Our attributes and moral values shape who we are and what we become. While there are no unique moral values that are associated with conduct in scientific research, there are certainly value systems that are inherently required to a greater degree in order to achieve success in this field. Listed below are some of these moral values:
Objectivity: Scientists are deep thinkers and they thrive in seeking knowledge regarding the unknown. A closed mind cannot see the hidden truth. It is very important that conclusions are based on evidence gathered from intelligently designed experiments that do not conceal the truth in anyway. Thus, the best scientists are the ones who incorporate objectivity into their thinking. For example, it took an open-minded scientist like Galileo Galilei to go beyond the traditional paradigm that the earth is not flat. Objectivity is also evident from the actions of many great scientists who determined that light behaves both like a wave and a particle, or those who determined that conduction of nerve impulses is both electrical and chemical in nature.
Accuracy: This value is required primarily during the stages of experimental design and data recording. Our sole purpose is not to merely state a hypothesis, and generate data that is supportive of it. Often the data generated is not up to our expectations, but if the experiment has been accurately executed, then “the data is the data.” This means to say that we have to accurately collect and interpret the data.
Persistence/Patience: Scientific research takes a lot of time, and so patience is a key behavioral attribute that all researchers should have in abundance. Every single experiment performed may not necessarily yield good and accurate results that support the experimental hypothesis. This is either due to a learning curve in performing the experiment fruitfully, or in controlling parameters optimally. Mastering these tasks usually require determination and persistence. Researchers should have the ability to perform the task repeatedly, which takes time and patience, until they get it right. In my experience with training undergraduate research students, I have seen how dismayed they are when results are not generated with every single experiment and quickly enough.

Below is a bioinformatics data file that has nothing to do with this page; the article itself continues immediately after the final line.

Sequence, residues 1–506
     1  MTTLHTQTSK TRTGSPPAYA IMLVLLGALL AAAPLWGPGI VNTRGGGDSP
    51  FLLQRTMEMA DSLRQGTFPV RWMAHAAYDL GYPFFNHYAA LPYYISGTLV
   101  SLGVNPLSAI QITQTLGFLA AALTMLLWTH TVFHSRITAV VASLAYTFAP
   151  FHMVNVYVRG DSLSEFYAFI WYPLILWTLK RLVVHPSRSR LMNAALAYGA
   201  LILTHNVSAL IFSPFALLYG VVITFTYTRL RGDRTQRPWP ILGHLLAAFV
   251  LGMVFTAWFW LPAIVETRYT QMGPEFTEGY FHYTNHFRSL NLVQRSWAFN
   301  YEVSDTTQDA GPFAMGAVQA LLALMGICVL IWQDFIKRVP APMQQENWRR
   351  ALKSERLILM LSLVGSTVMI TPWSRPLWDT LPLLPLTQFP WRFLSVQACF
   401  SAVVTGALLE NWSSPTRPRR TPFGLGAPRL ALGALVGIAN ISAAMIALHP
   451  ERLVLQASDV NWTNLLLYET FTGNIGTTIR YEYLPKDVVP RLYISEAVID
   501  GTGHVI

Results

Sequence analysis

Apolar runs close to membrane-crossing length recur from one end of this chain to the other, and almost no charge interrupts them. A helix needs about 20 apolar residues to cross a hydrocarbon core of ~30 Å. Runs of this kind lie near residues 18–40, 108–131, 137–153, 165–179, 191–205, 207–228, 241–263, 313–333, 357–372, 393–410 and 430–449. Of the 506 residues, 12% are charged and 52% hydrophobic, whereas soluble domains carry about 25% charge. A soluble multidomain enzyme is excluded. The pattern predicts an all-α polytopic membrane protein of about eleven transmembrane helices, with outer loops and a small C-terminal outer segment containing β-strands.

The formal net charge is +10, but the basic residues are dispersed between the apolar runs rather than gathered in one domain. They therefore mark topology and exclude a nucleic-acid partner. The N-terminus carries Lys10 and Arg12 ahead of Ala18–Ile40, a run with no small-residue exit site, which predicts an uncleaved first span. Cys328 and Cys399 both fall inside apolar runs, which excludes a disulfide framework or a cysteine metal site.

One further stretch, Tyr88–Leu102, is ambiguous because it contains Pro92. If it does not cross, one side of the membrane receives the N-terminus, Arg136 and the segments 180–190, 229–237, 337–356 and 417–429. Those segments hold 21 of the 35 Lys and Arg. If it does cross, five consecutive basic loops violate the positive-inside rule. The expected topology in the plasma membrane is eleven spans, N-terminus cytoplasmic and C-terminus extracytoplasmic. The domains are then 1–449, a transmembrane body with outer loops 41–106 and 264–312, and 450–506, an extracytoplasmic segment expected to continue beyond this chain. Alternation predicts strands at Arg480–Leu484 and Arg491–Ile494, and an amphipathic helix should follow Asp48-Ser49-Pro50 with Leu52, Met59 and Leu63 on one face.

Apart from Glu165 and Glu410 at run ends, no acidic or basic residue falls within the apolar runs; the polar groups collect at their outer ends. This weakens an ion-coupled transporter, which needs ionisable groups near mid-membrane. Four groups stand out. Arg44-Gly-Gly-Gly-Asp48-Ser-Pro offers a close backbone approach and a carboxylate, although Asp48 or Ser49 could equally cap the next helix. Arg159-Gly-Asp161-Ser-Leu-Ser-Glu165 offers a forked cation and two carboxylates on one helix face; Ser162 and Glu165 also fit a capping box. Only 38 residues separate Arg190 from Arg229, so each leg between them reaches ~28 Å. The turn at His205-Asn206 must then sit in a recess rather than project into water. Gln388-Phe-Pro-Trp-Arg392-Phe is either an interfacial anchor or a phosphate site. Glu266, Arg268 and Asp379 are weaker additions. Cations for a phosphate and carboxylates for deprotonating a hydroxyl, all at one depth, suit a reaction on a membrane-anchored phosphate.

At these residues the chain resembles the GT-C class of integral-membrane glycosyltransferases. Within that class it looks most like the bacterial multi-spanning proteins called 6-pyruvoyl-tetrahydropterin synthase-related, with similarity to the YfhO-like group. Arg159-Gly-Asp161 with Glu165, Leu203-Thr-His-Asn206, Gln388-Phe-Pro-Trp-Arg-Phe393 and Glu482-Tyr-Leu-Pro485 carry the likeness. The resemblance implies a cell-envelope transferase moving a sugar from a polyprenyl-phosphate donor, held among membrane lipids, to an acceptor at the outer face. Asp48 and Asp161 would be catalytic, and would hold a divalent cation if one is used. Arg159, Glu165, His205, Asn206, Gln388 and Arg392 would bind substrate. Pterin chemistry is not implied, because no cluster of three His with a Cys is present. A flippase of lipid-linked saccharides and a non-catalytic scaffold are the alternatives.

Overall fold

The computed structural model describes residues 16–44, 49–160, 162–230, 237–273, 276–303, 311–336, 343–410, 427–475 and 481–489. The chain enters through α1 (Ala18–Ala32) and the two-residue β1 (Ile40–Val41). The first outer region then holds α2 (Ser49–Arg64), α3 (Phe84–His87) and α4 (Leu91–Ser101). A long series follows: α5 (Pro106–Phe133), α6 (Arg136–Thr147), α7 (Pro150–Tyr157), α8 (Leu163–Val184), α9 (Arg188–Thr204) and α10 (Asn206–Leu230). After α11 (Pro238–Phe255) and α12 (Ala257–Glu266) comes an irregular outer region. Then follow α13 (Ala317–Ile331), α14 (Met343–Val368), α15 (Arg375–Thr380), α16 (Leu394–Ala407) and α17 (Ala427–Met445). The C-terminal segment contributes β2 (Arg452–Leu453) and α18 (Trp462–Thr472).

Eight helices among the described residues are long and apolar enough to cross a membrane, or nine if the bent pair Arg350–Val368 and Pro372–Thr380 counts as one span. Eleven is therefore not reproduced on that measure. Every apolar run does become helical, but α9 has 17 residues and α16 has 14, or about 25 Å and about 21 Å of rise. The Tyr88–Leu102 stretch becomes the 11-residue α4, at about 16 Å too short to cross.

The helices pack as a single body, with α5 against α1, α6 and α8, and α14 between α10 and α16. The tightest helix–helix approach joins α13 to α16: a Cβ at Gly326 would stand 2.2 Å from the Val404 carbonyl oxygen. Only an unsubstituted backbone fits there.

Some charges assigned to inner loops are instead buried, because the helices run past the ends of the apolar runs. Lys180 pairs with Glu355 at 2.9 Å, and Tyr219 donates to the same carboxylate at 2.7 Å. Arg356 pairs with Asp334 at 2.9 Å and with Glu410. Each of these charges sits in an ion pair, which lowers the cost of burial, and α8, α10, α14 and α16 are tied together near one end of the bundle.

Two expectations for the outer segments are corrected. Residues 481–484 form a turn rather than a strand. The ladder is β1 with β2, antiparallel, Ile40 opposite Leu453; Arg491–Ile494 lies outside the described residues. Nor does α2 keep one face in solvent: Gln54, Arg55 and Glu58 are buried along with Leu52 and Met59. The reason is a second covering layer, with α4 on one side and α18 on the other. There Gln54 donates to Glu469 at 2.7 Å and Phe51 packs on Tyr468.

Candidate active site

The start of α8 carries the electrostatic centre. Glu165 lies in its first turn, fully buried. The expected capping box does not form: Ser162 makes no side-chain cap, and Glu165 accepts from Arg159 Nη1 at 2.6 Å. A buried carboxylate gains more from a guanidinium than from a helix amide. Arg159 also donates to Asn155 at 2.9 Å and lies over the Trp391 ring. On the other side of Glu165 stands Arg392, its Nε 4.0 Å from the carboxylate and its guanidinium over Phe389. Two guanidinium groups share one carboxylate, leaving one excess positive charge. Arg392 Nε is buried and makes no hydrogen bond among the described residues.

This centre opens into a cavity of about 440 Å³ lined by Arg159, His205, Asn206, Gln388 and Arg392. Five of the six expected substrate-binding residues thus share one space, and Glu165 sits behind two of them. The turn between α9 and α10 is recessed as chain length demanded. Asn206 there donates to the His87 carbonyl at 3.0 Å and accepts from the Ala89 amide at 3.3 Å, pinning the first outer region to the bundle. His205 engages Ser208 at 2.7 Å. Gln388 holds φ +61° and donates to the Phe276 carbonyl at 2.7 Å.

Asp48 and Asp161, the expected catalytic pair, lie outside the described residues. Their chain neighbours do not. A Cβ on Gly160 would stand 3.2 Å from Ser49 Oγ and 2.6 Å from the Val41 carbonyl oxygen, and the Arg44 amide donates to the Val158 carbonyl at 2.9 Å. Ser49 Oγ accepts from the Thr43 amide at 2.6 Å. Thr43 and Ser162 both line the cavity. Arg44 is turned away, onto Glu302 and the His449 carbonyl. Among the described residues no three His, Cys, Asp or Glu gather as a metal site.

Skepticism: This may sound like a negative trait but for good scientific conduct it is important to be your own worst critic. Specifically, being hard on your own data because the process of publication involves peer review, where the data gathered is critiqued before it maybe published. Post publication too there may be critics for a given data set. However, as long as we as scientists have gone through rigorous rounds of critiques and are convinced, it becomes part of the process to be able to defend the findings. Skepticism from one’s self and peers helps crystallize the truth.
Accountability: As rewarding as research can be, it comes with accountability, i.e., being responsible for the implications of one’s research. For example, with the advent of Biotechnology, it has been possible to generate genetically modified (GM) crops with higher nutritional content to satisfy the dietary needs of poverty stricken places. There is now a lot of awareness of the impacts of GM crops on human health and the environment. Maybe some of these concerns are not valid, while some are. Part of being accountable for the research is to provide freedom to access information regarding the nature of the genetic modification, and have an open forum to discuss negative impacts/concerns.
Independent/Individualistic: Independence is a trait highly regarded in this discipline. While the research outcome often arises out of a collaborative effort, being able to think independently within the capacity of one’s strengths will only lead to a better outcome as a whole. Research requires a lot of personal sacrifices and many scientists are also loners by choice, which I think reflects their individualism and independence.
Finally, it takes a combination of all the above moral values to achieve good scientific conduct. It takes time to imbibe these values and there is a constant learning curve. I don’t believe that everyone can have them all, but we must aspire to attain them in order to bring out our best in scientific research.
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